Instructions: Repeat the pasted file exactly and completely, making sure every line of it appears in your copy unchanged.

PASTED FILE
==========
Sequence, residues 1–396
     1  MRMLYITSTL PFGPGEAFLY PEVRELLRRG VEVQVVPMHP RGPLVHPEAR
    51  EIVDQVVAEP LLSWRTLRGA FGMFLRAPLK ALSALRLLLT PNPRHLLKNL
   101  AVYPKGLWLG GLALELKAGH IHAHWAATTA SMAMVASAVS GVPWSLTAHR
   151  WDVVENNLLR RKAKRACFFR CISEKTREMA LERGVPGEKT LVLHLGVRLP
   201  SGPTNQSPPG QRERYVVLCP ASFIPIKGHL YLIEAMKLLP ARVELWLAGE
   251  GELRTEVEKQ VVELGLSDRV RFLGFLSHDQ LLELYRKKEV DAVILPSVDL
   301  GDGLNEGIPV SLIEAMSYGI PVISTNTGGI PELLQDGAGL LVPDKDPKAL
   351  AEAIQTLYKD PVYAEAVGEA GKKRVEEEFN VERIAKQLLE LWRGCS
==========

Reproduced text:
Sequence, residues 1–396
     1  MRMLYITSTL PFGPGEAFLY PEVRELLRRG VEVQVVPMHP RGPLVHPEAR
    51  EIVDQVVAEP LLSWRTLRGA FGMFLRAPLK ALSALRLLLT PNPRHLLKNL
   101  AVYPKGLWLG GLALELKAGH IHAHWAATTA SMAMVASAVS GVPWSLTAHR
   151  WDVVENNLLR RKAKRACFFR CISEKTREMA LERGVPGEKT LVLHLGVRLP
   201  SGPTNQSPPG QRERYVVLCP ASFIPIKGHL YLIEAMKLLP ARVELWLAGE
   251  GELRTEVEKQ VVELGLSDRV RFLGFLSHDQ LLELYRKKEV DAVILPSVDL
   301  GDGLNEGIPV SLIEAMSYGI PVISTNTGGI PELLQDGAGL LVPDKDPKAL
   351  AEAIQTLYKD PVYAEAVGEA GKKRVEEEFN VERIAKQLLE LWRGCS